Hello, please can someone check my short story? Max is 550 words, excluding title and all of that, but im sure they will be leniant.
Thanks, and here is the story:
The Centenarian Giant Bird
By Tomas Novotny, Age 13, Prior Park School Gibraltar
Airports are the same all over the world, but the one at Prague had managed to achieve a new level of ugliness and of ancientness. It had been built in the middle of nowhere, so that, from the air, it looked almost like a mistake. At ground level it offered just one low-rise terminal built out of glass and tired, grey concrete, with six white letters mounted on the roof. I gazed upon the Departures board. The letters quivered: OK 4654 To: London - Gate: D34. I headed my way towards the departure gate, tripping over the thousands of pot holes that swam on top of the concrete base.
Meanwhile, the pilots had just arrived from the nearest town, that in fact was not near at all. It was a whopping 75 miles North, with just pure and utter tarmac in the middle. The airport was due over 50 arrivals on that day, and believe me, I do not know at all why people come here…to the middle of nowhere. They slowly boarded the crooked monster, like a snail gliding towards a leaf. The innocent passengers took some of their last steps as they boarded the plane. The airport staff, frowning, snatched our passports and boarding passes. We calmly, although starting to worry, sat down inside the cabin. The plane immediately started to taxi towards the runway. The engines were lions, roaring at their prey (in this case at passengers). It seemed to me that the plane nearly ran off the 2mile long air strip, before finally ascending into a larger angle than 0°. The pilot started reciting the classic facts: Outside temperature, Flight time, Weather in destination, etc. Surprisingly, throughout the whole flight there were no refreshments, not even normal water.
The flight continued normally for the next 2 hours, until a loud unusual whistle filled the crisp air. The whistle was going in crescendo. Many people hung on to their ears, trying to minimize the amount of sound heard, others were taking out their mobile phones, recording the strange occurrence, and others including me were just gazing outside the window trying to spot a problem on the outside of the aircraft.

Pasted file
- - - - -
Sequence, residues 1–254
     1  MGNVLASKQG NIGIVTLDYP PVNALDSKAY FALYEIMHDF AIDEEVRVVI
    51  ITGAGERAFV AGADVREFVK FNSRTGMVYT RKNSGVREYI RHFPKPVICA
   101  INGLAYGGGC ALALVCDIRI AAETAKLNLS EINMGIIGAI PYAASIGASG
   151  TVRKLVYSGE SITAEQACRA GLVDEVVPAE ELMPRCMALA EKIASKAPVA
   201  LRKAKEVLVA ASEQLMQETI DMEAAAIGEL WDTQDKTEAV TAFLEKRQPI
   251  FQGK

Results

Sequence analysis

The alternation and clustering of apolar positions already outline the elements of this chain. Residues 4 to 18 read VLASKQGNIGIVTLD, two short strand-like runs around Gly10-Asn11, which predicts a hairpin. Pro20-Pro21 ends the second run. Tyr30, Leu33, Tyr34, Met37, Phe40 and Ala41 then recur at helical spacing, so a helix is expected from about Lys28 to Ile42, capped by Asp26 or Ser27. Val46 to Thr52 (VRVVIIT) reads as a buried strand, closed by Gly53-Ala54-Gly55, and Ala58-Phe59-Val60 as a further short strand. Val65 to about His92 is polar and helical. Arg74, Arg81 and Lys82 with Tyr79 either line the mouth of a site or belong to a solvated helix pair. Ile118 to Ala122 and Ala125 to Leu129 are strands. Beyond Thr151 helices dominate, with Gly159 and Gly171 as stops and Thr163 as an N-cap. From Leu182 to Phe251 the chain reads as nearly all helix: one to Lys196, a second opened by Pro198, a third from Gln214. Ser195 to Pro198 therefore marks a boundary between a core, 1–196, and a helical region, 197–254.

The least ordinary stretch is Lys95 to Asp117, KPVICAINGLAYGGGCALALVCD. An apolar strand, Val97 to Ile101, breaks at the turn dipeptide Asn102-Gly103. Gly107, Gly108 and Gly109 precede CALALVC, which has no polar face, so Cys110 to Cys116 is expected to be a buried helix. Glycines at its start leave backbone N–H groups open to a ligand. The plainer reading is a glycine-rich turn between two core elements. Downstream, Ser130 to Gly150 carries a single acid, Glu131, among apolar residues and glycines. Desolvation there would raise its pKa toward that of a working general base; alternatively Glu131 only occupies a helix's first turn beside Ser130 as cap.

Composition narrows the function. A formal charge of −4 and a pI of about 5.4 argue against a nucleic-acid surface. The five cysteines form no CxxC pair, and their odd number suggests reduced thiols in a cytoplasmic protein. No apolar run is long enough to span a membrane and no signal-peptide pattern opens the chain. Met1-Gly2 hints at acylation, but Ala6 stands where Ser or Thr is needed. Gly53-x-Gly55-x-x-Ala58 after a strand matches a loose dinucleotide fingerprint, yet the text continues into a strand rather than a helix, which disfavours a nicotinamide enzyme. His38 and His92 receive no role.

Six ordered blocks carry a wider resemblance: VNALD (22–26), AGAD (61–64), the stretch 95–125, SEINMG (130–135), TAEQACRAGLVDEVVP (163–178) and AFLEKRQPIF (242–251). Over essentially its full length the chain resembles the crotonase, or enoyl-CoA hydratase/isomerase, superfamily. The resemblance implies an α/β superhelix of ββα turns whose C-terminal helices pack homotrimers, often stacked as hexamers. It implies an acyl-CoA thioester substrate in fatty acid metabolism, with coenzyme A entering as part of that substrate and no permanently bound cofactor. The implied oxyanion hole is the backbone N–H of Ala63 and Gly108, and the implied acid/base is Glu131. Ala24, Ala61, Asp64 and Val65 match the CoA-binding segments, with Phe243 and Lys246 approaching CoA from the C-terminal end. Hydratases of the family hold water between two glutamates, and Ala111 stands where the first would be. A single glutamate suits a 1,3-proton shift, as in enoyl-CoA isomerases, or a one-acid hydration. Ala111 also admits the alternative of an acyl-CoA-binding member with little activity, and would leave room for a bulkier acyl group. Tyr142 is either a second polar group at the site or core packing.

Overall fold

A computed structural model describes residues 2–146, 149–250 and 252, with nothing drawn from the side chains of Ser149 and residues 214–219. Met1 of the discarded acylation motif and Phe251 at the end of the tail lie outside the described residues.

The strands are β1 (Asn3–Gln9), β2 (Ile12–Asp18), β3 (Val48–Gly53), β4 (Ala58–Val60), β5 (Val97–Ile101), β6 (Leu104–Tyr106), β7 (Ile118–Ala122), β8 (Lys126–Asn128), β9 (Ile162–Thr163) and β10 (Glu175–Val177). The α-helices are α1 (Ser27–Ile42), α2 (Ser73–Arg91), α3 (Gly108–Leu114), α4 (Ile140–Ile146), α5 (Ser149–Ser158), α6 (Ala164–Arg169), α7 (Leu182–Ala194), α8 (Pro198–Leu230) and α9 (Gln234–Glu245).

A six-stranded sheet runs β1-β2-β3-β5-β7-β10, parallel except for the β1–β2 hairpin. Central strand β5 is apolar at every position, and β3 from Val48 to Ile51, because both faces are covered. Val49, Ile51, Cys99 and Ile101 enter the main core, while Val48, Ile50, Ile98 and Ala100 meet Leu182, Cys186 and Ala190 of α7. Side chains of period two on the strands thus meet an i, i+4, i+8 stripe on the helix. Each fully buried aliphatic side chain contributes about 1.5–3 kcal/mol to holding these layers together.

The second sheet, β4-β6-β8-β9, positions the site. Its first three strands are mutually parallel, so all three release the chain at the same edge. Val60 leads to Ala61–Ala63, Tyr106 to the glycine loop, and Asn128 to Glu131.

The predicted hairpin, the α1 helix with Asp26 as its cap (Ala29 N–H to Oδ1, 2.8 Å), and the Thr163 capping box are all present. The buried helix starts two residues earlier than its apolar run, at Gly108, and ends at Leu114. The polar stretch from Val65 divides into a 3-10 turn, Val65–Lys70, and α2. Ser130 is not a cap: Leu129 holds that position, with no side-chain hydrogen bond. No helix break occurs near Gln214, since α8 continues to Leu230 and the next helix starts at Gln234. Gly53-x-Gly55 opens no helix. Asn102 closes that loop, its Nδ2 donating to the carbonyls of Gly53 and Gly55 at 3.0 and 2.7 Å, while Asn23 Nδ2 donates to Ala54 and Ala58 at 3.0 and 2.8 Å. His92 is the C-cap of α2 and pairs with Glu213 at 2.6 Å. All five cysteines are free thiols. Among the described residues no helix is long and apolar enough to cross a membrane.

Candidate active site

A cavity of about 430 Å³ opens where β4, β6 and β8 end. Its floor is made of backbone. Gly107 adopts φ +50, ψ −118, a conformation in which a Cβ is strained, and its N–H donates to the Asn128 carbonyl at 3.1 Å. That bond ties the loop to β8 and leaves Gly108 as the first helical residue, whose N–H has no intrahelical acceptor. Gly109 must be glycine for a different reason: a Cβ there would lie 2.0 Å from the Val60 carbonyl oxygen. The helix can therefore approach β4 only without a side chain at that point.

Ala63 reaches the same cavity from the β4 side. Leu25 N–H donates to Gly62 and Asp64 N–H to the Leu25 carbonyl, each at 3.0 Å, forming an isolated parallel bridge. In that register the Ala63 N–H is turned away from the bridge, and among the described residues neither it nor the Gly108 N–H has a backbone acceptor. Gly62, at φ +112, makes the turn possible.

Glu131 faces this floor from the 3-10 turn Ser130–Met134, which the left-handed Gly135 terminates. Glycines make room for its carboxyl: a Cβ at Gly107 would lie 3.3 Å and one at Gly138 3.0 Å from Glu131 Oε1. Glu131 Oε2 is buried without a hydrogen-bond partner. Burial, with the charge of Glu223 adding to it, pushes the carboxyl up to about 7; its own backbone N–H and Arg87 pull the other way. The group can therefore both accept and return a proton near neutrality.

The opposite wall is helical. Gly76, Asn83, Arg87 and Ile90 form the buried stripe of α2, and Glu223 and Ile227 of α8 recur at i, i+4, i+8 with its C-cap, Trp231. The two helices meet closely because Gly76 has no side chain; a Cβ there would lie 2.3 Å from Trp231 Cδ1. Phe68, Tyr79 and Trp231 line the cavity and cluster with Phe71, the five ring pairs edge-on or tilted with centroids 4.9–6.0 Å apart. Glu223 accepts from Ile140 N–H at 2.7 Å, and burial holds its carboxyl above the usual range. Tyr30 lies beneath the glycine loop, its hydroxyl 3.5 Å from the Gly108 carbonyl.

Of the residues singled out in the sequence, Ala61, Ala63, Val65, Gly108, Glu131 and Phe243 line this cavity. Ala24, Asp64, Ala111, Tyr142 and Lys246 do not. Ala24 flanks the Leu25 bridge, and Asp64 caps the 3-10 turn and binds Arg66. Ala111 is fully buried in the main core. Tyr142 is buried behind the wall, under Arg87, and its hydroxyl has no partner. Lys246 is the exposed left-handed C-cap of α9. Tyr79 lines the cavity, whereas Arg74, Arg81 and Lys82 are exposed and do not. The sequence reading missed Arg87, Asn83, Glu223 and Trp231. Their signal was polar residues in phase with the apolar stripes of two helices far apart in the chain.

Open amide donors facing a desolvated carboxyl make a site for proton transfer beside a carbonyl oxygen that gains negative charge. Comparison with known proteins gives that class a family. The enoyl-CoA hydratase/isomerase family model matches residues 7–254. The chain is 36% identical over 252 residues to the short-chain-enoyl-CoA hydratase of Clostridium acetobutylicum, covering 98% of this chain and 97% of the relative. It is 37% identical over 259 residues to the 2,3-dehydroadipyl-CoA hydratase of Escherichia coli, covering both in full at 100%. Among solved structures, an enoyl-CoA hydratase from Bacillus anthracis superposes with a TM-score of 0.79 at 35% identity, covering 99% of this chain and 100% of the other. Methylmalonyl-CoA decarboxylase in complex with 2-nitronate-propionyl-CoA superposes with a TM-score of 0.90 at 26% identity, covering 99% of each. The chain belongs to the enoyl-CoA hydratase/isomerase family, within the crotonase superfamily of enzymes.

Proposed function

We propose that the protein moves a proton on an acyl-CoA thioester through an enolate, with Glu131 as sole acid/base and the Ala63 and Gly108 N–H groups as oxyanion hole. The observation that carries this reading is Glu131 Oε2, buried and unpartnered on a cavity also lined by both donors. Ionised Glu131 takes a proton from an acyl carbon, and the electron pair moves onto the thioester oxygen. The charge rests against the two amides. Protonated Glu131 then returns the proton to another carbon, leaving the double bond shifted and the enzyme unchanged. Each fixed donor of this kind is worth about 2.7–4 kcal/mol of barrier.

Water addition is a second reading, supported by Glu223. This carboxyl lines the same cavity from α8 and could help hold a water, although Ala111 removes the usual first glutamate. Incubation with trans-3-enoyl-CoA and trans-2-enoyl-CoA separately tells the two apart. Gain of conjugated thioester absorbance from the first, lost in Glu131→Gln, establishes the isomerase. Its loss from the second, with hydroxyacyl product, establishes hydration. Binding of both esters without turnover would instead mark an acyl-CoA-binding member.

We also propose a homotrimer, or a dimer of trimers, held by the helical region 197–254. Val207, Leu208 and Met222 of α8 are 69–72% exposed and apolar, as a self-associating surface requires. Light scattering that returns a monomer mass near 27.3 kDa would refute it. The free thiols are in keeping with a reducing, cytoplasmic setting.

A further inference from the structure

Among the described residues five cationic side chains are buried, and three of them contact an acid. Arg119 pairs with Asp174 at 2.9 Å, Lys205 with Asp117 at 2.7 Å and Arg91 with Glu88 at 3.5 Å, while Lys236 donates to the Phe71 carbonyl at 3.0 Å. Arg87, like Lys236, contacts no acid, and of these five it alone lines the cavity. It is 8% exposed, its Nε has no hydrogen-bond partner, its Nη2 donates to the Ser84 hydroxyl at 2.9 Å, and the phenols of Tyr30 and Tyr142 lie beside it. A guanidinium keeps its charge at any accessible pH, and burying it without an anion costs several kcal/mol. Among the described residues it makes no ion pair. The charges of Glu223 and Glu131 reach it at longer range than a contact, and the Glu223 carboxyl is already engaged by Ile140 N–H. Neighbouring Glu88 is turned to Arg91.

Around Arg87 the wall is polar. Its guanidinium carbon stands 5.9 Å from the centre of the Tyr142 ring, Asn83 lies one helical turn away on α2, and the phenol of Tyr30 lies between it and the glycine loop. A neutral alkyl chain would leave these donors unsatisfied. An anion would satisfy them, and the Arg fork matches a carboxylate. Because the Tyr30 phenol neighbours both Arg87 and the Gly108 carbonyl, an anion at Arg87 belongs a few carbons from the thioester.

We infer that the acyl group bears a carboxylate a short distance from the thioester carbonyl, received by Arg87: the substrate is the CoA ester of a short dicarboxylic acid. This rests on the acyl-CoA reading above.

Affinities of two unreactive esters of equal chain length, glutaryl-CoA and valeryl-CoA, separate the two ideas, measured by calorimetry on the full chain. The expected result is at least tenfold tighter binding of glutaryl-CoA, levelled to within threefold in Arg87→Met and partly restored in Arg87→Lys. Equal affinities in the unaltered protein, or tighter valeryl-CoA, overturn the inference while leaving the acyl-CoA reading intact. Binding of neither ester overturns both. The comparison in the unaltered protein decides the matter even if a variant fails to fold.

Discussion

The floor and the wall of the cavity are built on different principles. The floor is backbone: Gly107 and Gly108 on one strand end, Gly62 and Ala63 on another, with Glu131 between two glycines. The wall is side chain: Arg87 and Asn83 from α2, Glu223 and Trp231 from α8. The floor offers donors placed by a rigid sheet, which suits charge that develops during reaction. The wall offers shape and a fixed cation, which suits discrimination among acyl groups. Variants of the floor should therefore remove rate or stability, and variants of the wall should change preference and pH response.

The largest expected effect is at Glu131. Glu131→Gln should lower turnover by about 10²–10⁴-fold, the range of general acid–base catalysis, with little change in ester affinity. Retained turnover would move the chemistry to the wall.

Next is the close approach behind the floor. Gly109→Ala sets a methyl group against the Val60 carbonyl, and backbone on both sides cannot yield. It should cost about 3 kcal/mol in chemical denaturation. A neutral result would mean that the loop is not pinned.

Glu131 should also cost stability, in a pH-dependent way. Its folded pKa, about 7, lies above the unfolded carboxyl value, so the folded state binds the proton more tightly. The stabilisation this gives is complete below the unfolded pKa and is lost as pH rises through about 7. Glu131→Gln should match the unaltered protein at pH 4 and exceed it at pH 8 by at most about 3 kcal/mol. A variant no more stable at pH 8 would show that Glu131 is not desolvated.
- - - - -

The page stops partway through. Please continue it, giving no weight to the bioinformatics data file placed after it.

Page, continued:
The cockpit door was ajar. You could hear the screams of the pilots and the shouts of the man, desperately trying to give lifesaving advice to the captains, from the control tower. The airplane broad-casted a flight-attendant speaking in an urgent voice. "Everyone! Stay calm! We are experiencing some minor difficulties with the aircraft. Please make use of the oxygen masks we provide!" The captain cut her off. The crooked, menacing voice sounded once more on the ancient aircraft speakers. The sinister message that the voice revealed to us was rather horrifying.
The indefatigable alarm sounded across the slow, heavy moving giant bird. I could sense the machine rapidly descending into the dark, mysterious ocean. The giant, long arms of the plane seemed to be hanging on a single thread, about to snap. I decided to inform the captain of the rather loose wings. The steps that I took forward on that stained, old carpet of the cabin’s floor were trembling, but I knew I had to move forward, leaving behind all the worries that had been attached to me. I must leave now, goodbye.
- A book with this truly melancholy text written on it was found, floating in the Atlantic Ocean during the search for the black boxes of the plane that went down just minutes before, the author is to this day unknown. The only clue were initials written at the front of the school textbook: T.N. -
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